Will Gadd delves beneath Greenland ice
Canadian alpinist Will Gadd travels to Greenland with glaciologist Jason Gulley to better understand the movement of meltwater underneath the icecap.
"I’ve been to some of the craziest places on earth, and climbed some pretty insane stuff. But this is another level." Canadian alpinist Will Gadd neatly sums up his recent experience of exploring caves under Greenland’s ice sheet, in the name of exploration and research with Jason Gulley, the glaciologist and professor at the University of South Florida.
Their plan involved delving into the ice cap in the Paakitsoq region of Greenland and then, once they hit the water table inside the glacier, diving even further to gain a better understanding of how ice caps move and melt.
After a first trip in August 2018 to identify a suitable moulin, a shaft within the glacier that carries meltwater from the surface to the bedrock, they then returned in October when the raging summer stream had transformed into ice, allowing for an initial foray. Much to their surprise instead of the predicted 200m drop, they stumbled across a huge frozen cavern just 80m below the surface.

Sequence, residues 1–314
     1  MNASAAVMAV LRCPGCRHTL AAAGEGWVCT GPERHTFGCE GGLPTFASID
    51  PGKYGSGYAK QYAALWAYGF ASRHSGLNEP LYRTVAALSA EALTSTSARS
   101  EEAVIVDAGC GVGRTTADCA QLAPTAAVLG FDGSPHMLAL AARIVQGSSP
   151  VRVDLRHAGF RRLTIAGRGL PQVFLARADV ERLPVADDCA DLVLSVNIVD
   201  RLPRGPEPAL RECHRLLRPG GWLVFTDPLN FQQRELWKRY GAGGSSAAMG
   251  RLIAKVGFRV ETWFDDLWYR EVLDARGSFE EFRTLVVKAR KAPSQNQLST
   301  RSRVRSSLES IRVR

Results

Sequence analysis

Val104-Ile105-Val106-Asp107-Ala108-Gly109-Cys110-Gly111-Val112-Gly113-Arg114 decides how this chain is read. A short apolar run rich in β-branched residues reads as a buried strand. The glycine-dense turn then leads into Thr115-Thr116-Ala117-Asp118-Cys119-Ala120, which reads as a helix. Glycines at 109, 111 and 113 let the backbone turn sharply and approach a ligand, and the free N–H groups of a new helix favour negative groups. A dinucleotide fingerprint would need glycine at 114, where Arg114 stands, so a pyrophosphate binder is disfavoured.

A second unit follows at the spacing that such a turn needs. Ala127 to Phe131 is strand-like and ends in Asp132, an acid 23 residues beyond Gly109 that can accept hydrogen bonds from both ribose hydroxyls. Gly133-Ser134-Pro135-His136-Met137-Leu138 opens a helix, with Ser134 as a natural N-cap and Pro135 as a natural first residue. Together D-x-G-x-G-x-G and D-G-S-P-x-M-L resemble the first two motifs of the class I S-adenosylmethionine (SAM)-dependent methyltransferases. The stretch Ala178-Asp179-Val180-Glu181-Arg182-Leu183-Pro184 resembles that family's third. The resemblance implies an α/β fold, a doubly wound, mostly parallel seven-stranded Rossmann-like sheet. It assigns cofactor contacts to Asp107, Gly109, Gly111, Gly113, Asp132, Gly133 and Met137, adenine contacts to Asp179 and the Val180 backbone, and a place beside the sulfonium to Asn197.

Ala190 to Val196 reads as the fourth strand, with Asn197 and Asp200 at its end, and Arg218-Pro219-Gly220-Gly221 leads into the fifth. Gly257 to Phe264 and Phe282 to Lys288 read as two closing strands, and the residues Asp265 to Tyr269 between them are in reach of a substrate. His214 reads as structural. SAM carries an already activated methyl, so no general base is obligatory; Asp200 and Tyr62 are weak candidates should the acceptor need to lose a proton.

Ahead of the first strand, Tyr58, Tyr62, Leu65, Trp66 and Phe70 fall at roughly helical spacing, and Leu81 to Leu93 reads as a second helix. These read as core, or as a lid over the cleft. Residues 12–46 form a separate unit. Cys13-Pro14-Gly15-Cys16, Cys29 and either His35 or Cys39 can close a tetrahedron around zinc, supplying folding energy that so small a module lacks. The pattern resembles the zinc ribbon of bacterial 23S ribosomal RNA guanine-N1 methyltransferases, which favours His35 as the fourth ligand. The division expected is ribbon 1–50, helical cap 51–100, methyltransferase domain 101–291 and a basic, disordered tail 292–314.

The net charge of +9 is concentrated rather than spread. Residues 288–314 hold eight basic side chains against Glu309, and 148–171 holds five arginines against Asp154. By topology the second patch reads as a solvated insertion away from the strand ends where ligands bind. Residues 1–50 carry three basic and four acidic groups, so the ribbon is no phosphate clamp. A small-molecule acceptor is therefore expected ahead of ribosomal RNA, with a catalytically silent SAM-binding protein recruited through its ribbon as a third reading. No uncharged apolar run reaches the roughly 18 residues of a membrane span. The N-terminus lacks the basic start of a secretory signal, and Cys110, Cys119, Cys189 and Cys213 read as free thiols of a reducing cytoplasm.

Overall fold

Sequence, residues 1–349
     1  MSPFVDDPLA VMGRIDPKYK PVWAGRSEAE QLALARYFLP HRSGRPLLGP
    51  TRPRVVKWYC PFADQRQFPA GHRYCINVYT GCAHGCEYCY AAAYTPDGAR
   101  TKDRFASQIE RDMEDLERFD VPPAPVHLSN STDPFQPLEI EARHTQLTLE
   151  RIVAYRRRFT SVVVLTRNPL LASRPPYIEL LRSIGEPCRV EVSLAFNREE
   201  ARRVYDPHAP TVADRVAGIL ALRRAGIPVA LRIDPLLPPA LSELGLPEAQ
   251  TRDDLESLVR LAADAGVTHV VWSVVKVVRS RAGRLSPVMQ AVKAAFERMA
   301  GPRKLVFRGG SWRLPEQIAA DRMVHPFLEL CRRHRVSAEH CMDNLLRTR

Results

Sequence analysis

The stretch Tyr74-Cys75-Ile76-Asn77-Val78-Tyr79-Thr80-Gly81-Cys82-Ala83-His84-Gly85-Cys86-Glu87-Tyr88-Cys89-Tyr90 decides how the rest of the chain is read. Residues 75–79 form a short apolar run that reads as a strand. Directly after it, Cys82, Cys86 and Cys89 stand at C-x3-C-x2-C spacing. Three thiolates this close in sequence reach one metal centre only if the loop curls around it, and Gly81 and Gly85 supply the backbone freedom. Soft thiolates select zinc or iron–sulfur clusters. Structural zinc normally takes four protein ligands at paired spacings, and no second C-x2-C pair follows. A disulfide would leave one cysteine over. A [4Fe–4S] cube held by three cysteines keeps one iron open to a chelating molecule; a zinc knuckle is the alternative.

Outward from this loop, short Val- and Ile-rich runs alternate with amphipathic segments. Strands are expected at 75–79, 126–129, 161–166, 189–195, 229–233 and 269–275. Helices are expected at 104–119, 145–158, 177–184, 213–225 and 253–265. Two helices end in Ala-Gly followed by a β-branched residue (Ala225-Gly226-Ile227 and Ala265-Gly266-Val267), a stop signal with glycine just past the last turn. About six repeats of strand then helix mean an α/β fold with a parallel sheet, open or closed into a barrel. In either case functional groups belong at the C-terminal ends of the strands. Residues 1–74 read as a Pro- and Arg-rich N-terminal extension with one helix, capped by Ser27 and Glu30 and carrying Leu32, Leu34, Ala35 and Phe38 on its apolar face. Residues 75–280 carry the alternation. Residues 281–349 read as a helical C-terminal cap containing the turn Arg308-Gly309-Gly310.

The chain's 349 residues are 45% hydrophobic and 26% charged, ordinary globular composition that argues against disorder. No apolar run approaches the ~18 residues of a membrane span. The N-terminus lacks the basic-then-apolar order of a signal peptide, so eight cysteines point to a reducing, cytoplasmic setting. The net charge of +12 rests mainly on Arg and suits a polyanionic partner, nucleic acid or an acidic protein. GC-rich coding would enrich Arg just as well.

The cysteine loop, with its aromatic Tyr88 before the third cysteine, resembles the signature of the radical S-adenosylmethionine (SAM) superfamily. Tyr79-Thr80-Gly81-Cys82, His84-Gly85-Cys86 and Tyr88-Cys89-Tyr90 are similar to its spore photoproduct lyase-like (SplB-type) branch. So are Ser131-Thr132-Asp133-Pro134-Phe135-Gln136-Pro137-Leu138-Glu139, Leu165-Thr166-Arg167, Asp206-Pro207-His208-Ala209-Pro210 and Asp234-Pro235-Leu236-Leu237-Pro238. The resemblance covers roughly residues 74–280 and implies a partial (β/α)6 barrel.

Although continuing on was too dangerous and a dive simply out the question, Gadd still considers this one of his most successful trips of his life. "we learnt that the model everyone is using for the Greenland ice cap needs revising" explained Gadd, adding "we made a genuine scientific discovery that has an impact on how people look at melt in Greenland."